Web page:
UPDATE 1-U.S. appeals court narrows debt claims against Argentina
(Updates with details on case, comment from lawyers for Argentina and plaintiffs)
By Nate Raymond and Joseph Ax
NEW YORK Aug 10 (Reuters) - Argentina on Monday won the reversal of a U.S. judge's ruling that a group of bondholders suing over its defaulted debt said entitled them to $700 million.
The 2nd U.S. Circuit Court of Appeals in New York ruled that U.S. District Judge Thomas Griesa had improperly expanded a class of bondholders who were seeking repayment following the country's $100 billion default in 2002.
Circuit Judge Chester Straub, writing for a three-judge panel, said Griesa must return to a narrower definition of the class, limited to those who have continuously held the eight series of bonds in question, and to hold a hearing to determine the proper amount of damages.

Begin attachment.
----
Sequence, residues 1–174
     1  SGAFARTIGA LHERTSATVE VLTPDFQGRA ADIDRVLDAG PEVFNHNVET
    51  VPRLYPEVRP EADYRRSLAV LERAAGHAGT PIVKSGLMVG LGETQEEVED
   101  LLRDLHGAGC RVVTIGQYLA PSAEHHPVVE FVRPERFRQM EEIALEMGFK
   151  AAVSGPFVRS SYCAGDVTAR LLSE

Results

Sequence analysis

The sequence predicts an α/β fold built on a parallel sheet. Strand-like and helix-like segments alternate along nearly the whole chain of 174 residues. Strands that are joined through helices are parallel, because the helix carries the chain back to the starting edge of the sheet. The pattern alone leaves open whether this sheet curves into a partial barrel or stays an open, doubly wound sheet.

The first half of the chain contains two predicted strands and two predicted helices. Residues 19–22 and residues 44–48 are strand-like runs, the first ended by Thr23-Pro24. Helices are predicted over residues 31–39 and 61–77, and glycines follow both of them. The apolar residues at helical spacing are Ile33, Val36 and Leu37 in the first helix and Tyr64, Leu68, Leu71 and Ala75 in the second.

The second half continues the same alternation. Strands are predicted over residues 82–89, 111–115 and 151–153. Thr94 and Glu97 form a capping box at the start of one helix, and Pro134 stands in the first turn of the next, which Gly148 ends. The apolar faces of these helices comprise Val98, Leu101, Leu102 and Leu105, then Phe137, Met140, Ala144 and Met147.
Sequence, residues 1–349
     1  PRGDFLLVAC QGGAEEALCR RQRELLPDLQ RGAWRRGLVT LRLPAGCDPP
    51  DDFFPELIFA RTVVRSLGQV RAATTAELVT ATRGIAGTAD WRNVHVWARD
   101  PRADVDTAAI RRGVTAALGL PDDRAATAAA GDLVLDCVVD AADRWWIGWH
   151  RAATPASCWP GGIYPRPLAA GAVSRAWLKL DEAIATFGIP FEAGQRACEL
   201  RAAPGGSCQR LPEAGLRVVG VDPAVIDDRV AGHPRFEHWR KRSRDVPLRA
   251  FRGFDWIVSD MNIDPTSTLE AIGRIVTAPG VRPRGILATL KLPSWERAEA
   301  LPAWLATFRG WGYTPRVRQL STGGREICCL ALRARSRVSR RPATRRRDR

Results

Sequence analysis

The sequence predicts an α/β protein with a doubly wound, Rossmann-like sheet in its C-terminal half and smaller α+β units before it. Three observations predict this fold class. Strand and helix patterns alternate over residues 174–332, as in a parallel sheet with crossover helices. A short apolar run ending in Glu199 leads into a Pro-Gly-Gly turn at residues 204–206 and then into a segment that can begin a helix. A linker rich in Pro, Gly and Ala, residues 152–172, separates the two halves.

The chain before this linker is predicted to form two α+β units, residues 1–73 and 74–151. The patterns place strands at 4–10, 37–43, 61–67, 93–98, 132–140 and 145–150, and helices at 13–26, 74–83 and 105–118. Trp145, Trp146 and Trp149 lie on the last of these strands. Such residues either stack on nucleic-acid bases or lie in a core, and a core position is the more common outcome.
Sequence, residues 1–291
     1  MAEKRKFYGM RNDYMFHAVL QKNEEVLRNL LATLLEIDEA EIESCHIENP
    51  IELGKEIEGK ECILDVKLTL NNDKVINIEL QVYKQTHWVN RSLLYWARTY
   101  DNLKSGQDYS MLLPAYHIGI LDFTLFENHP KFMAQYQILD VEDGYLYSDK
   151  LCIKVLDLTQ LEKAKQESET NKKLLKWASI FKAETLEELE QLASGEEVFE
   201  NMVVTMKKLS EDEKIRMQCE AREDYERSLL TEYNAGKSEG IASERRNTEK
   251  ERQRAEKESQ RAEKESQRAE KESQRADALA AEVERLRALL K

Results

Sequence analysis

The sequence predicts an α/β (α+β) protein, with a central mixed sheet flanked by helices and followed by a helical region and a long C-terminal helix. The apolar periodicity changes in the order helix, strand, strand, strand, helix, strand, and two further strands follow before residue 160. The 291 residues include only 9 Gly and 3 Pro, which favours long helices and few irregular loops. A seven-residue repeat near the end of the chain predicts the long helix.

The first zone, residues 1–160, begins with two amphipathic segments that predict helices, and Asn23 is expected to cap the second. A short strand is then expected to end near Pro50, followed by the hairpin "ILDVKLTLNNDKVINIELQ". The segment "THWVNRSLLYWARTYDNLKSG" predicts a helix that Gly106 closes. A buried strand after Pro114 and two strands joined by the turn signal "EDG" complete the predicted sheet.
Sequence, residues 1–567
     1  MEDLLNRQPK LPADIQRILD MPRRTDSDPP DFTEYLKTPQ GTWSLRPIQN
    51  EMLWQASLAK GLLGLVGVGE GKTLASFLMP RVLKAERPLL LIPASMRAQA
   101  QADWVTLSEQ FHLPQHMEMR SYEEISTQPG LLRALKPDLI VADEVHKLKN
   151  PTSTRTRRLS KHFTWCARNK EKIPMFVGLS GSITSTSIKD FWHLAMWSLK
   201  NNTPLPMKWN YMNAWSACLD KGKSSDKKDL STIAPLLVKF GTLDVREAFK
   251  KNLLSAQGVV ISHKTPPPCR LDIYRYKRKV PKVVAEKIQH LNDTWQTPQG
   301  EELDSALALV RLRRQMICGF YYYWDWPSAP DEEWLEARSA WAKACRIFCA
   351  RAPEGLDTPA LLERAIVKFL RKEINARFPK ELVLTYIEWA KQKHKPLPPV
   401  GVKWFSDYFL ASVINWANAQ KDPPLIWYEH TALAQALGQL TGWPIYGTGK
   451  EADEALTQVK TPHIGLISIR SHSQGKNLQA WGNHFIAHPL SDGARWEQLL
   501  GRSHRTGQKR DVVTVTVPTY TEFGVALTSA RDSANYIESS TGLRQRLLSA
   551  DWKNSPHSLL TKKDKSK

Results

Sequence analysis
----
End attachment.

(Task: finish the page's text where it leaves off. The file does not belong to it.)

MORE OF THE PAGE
Carmine Boccuzzi, Argentina's lawyer, welcomed the ruling, saying the plaintiffs had "repeatedly failed to prove their alleged damages and are not entitled to the overstated judgments" they have sought in court.
Jennifer Scullion, the plaintiffs' lawyer, declined comment.
The ruling marked the latest development in long-running litigation by creditors seeking full repayment on Argentine bonds following its 2002 default.
The country defaulted again in July 2014 after refusing to honor court orders to pay $1.33 billion plus interest to hedge funds including Elliott Management's NML Capital Ltd suing for full payment on its defaulted bonds. Continuación...